‘Kingsman: The Golden Circle’ – A Mixed Follow Up To A Great Original | Film Review

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‘Kingsman: The Golden Circle’ – A Mixed Follow Up To A Great Original | Film Review

 

Throughout his career as a writer, producer and director Matthew Vaughn seemingly had the Midas touch: his filmography included Layer Cake, Kick-Ass and X-Men: First Class and he now returns to the Kingsman series.

 

A year after the events of Kingsman: The Secret Service Eggsy (Taron Egerton) is one of the top agents in the Kingsman service. However, a figure from Eggsy’s past comes back for revenge, leading to the destruction of the Kingsman. With only two members of the Kingsman left, Eggsy and Merlin (Mark Strong), head off to America to enact their doomsday protocol as a mad villain, Poppy (Julianne Moore) launches a plan that could kill millions around the world.

 

Kingsman: The Secret Service was a big hit back in 2015, a wonderful homage and satire of the Bond series and the spy genre as a whole and it had great potential to be a series which Vaughn and 20th Century Fox obviously saw. Kingsman: The Golden Circle marks the first Vaughn directing a sequel, having turned down the opportunity to direct Kick-Ass 2 and X-Men: Days of Future Past.

 

 

Kingsman: The Golden Circle considers to reference and homage the Bond series and the wider spy action genre. There is a larger than life villain who has a secret jungle hideout and her plot is similar to SPECTRE’s in Thunderball and On Her Majesty’s Secret Service – holding the world to ransom threatening millions of lives. There is a lot of On Her Majesty’s Secret Service in the villain’s plot, spreading a virus around the world, with one of the big set-pieces of the film taking place in the Alps.

 

The plot of Kingsman: The Golden Circle also echoes Mission: Impossible – Ghost Protocol where the Impossible Mission Force was obliterated and only four members were left. The same thing happens to the Kingsman. It could have been an interesting to see how Eggsy would have handled this situation because despite his training he is still new to the spying world and it would have been a challenge for him to avenge the Kingsman.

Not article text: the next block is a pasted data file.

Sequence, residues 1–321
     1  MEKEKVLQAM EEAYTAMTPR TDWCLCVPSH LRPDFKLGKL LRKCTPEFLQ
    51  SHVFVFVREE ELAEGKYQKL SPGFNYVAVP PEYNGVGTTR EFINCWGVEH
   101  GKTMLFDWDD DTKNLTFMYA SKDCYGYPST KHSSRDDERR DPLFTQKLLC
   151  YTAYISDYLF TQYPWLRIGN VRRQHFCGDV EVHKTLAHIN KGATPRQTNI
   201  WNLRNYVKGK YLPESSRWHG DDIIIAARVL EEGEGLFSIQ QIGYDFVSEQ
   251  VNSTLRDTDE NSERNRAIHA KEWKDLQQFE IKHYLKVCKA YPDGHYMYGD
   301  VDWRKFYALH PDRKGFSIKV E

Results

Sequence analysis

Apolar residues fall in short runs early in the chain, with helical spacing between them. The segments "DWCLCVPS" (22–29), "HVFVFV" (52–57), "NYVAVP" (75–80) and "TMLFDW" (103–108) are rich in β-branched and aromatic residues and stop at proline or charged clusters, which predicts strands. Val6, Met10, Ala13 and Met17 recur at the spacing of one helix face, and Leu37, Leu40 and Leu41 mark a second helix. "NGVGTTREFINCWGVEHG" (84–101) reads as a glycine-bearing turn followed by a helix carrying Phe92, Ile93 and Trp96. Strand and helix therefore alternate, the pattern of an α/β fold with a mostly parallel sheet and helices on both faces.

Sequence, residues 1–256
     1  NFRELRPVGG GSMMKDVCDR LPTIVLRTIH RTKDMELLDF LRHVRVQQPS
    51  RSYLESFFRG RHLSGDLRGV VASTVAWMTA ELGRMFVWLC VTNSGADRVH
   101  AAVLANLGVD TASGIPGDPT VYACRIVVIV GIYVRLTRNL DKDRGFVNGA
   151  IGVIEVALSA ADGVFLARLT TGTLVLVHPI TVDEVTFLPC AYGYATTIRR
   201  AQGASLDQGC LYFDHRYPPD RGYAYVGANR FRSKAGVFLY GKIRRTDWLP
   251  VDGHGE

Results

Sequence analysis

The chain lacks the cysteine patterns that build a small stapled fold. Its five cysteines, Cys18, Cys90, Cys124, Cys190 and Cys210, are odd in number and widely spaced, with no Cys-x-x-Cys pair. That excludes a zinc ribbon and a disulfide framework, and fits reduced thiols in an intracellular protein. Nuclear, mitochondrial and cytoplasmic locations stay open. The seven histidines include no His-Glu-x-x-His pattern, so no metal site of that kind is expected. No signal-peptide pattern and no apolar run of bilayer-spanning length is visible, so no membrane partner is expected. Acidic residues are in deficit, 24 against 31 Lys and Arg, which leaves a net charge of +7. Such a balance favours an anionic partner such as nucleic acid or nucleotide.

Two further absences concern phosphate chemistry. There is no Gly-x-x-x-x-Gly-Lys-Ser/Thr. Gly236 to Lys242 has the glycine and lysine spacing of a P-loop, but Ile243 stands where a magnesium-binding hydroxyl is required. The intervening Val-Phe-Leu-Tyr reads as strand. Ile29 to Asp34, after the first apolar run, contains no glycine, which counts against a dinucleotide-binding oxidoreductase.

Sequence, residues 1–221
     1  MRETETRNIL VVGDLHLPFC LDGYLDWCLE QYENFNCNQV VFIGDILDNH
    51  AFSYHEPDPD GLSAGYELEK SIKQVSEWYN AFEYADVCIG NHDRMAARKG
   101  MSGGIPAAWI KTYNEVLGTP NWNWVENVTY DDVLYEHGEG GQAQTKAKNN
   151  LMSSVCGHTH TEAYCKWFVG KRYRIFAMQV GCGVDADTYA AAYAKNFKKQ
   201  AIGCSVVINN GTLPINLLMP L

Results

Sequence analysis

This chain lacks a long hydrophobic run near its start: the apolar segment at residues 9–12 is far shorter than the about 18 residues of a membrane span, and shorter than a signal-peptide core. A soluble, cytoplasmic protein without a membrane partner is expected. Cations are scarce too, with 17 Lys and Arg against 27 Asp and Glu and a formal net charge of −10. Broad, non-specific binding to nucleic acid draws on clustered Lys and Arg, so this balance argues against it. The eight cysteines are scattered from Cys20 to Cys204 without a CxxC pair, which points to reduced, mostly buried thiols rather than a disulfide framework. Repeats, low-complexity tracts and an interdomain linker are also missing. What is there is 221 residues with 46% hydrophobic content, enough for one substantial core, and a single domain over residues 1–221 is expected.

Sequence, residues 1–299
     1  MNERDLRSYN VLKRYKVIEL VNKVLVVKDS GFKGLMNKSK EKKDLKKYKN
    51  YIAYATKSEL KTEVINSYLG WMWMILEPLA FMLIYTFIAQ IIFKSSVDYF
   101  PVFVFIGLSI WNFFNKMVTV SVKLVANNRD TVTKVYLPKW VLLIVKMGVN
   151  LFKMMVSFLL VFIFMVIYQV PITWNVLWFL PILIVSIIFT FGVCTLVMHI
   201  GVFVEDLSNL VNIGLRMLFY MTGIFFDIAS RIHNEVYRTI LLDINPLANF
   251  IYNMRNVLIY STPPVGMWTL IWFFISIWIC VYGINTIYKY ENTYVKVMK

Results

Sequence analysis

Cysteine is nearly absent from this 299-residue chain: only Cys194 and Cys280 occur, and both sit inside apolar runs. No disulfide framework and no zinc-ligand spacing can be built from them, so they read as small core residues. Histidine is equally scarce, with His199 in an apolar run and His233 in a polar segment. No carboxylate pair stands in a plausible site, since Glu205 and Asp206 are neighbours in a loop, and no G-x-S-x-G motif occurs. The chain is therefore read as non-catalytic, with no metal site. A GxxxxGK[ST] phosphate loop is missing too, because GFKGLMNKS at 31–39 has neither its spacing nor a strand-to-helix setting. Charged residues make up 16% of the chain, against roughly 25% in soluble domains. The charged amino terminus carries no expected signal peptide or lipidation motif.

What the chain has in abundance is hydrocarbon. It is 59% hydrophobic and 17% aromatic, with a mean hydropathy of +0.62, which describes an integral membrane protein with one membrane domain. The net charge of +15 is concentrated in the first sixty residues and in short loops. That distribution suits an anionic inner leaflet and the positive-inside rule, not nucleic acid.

However, there are problems with the approach Vaughn and his writing partner Jane Goldman took. The first, which is a SPOILER, was it killed off characters fans got to know in the first film, including Roxy (Sophie Cookson) who should have had a more prominent role, or at least been more active in the field.

 

 

The other issue is the film is showing the reminding Kingsman going to their American cousins, The Statesman: an organisation they were unaware existed. Vaughn is a director who has given many of his films a very British favour. By taking the Kingsman to America and introducing a host of American characters Kingsman: The Golden Circle felt like Americanizing a British property. Vaughn has even suggested he could direct a spin-off based on The Statesman.

 

Vaughn does dampen this Americanizing with some political and social commentary. Like the relationship between real British and American institutions – i.e. the Americans have a lot more money and resources. Vaughn also uses the drug storyline to examine attitudes about drug use and how to deal with it in the US.

 

Vaughn is one of the best action directors around but with Kingsman: The Golden Circle he goes overboard with his stylish tricks. Throughout many of the action sequences the camera whizzes around so much that it is hard to tell what’s happening during the fight scenes.

 

The best action sequence comes towards the end – when the character Whisky (Pedro Pascal) fights off a group of soldiers in the Italian Alps – and when Harry (Colin Firth) and Eggsy launch an assault against Poppy’s fortress. One of the most impressive moments is when Harry and Eggsy are arguing and Whisky fights in the background.

 

 

Kingsman: The Golden Circle brings a lot of new additions in series – some of the biggest being Halle Berry, Pedro Pascal, Julianne Moore and surprisingly Elton John as himself – it was a one scene joke stretched out way too long. Moore was relishing her chance to play the villain – who cheerily murders people, had a logic-free plan and acts a bit like a female Donald Trump: a narcissist who craves frame and turns some hidden ruin to a monument to 1950s Americana.

 

The same can’t be said about Channing Tatum and Jeff Bridges. They were okay in their roles, but it seems like they were being paid by the minute – especially Tatum who only has about five to ten minutes of screentime despite his prominent billing. The American actors who had the most screentime were previously mentioned Pedro Pascal and Halle Berry, playing the Q-like figure of the film.

 

A criticism that was leveled against the previous Kingsman film was its ending which was seen as sexist. To counter-act in the sequel Eggsy and Princess Tilde (Hanna Alström) are in a long-term relationship which helps differentiates the series from other spy series. Despite this Kingsman: The Golden Circle has to do its own twist on the Bond seduction scene.

 

 

Despite Kingsman: The Golden Circle addressing many story threads from the previous film – one it ignores is the impact of “The Secret Service’s” finale. At the end of “The Secret Service” people around the world trying to kill each other; there were surely a large number of civilian deaths and most of the world’s leaders, including the American government, Prime Minister of Sweden and the British Royal Family had their heads explode.

 

Kingsman: The Golden Circle suffers a problem that many sequels have – believing that bigger is better. It is still an enjoyable action but pales in comparison to the previous Kingsman film, Vaughn’s previous films and other films in the spy-action genre.

 

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